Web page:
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Half Letter Press


A must read, finally back in print, and available through Half Letter Press!
GAAG: The  Guerrilla Art Action Group, 1969-1976: A Selection
"This is the reissue of the long out-of-print publication GAAG: The  Guerrilla Art Action Group, 1969-1976: A Selection, first published in  1978. The book serves as the primary text to the significant work of the  activist artist group GAAG (Jon Hendricks, Poppy Johnson, Silvianna,  Joanne Stamerra, Virginia Toche and Jean Toche), both as a document of  the group’s ideological and logistical concerns, and more broadly as a  historical record for 52 of the many political art actions they carried  out through the late Sixties and early Seventies. Guided by their belief that art and culture had been corrupted by profit  and private interest, GAAG formed in October 1969 as a platform for  social struggle. Their work asked how artists could work effectively  towards meaningful change, most often through direct provocation and  confrontation–symbolic, non-violent actions staged in protest and  ridicule of the ethical failures by the art and media establishments, as  well as the US government. Their activities defied the brutal,  close-minded workings of an artistic/political system that traded in  dirty money, served the elite, established a trivial cultural canon, and  perpetuated bloody wars abroad.”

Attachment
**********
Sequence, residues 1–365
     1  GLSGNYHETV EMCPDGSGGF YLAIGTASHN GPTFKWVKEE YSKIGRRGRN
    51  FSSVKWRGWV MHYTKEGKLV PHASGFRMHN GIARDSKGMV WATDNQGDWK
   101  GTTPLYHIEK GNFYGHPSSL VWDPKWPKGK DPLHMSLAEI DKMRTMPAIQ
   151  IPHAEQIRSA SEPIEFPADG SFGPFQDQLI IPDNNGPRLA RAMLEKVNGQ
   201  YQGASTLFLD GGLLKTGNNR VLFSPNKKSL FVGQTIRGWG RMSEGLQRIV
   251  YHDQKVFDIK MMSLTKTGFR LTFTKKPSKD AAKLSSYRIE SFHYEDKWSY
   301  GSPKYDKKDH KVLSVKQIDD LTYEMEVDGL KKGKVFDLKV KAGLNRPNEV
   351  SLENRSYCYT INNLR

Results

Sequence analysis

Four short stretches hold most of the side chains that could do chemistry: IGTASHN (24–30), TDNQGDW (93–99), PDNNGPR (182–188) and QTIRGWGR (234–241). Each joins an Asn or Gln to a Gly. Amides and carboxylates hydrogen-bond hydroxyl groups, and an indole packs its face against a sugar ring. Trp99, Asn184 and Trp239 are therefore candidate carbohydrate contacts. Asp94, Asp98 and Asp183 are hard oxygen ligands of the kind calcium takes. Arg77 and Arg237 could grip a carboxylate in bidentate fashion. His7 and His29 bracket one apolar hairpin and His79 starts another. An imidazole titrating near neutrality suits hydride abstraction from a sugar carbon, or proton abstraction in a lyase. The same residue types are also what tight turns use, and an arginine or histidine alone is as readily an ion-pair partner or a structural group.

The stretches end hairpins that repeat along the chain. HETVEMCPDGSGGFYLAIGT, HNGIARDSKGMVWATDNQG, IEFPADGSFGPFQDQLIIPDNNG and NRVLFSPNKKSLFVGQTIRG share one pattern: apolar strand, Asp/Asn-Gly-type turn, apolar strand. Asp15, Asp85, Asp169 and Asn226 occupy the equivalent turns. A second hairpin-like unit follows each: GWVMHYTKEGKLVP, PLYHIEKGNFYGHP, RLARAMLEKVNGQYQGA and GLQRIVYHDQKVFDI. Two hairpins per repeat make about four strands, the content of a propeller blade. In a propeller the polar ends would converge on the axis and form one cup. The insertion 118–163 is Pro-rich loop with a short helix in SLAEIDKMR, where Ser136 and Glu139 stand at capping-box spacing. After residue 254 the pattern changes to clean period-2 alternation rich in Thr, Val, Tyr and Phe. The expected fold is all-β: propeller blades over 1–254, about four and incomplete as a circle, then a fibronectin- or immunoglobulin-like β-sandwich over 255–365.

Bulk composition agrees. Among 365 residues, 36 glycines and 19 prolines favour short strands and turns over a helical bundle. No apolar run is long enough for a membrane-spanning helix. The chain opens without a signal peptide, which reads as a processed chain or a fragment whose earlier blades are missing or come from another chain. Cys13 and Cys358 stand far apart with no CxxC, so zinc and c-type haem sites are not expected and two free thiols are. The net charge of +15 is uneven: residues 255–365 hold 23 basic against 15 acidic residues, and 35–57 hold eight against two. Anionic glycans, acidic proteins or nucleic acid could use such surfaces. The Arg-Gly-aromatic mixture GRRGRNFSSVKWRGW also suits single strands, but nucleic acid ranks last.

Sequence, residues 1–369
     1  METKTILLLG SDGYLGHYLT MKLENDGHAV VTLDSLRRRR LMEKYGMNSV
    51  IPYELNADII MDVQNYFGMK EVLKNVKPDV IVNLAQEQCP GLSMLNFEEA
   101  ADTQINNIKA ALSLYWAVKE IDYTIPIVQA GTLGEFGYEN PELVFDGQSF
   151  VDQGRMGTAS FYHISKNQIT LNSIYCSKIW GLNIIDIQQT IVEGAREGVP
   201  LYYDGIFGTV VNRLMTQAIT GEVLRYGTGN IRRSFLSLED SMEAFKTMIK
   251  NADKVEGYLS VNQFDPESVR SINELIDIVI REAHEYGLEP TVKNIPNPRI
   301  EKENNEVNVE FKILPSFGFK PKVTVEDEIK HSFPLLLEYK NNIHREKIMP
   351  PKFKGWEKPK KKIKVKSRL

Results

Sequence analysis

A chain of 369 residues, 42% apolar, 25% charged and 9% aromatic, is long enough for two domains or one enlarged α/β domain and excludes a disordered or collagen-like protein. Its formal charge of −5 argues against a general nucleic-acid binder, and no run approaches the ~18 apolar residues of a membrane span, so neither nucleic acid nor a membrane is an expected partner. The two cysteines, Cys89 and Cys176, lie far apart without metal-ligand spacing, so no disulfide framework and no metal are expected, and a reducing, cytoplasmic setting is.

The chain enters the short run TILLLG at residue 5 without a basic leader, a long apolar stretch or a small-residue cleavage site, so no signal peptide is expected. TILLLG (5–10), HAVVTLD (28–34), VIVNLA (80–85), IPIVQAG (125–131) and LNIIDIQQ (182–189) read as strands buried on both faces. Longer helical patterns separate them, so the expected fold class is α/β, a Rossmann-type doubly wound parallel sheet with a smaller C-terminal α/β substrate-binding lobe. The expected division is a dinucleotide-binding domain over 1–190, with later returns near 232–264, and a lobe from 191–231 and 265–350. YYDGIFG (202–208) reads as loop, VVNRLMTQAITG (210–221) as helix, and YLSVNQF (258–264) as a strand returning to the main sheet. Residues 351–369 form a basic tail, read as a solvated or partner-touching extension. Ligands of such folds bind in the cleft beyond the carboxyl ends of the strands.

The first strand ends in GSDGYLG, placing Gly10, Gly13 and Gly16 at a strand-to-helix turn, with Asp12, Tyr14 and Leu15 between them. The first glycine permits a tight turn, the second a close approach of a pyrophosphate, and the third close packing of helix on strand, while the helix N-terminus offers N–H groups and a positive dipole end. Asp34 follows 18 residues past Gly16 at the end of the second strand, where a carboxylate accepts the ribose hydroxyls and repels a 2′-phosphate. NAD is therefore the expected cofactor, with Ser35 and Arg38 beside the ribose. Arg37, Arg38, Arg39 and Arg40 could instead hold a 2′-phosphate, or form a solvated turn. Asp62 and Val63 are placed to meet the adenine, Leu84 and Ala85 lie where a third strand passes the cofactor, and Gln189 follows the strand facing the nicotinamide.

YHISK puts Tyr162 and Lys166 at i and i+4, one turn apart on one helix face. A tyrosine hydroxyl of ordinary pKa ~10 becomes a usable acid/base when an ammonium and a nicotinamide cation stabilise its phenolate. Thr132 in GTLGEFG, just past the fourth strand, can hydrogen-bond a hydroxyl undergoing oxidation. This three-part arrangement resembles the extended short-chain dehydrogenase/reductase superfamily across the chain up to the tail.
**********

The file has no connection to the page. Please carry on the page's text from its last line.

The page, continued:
A must read, finally back in print, and available through Half Letter Press!

GAAG: The Guerrilla Art Action Group, 1969-1976: A Selection

"This is the reissue of the long out-of-print publication GAAG: The Guerrilla Art Action Group, 1969-1976: A Selection, first published in 1978. The book serves as the primary text to the significant work of the activist artist group GAAG (Jon Hendricks, Poppy Johnson, Silvianna, Joanne Stamerra, Virginia Toche and Jean Toche), both as a document of the group’s ideological and logistical concerns, and more broadly as a historical record for 52 of the many political art actions they carried out through the late Sixties and early Seventies.

Guided by their belief that art and culture had been corrupted by profit and private interest, GAAG formed in October 1969 as a platform for social struggle. Their work asked how artists could work effectively towards meaningful change, most often through direct provocation and confrontation–symbolic, non-violent actions staged in protest and ridicule of the ethical failures by the art and media establishments, as well as the US government. Their activities defied the brutal, close-minded workings of an artistic/political system that traded in dirty money, served the elite, established a trivial cultural canon, and perpetuated bloody wars abroad.”

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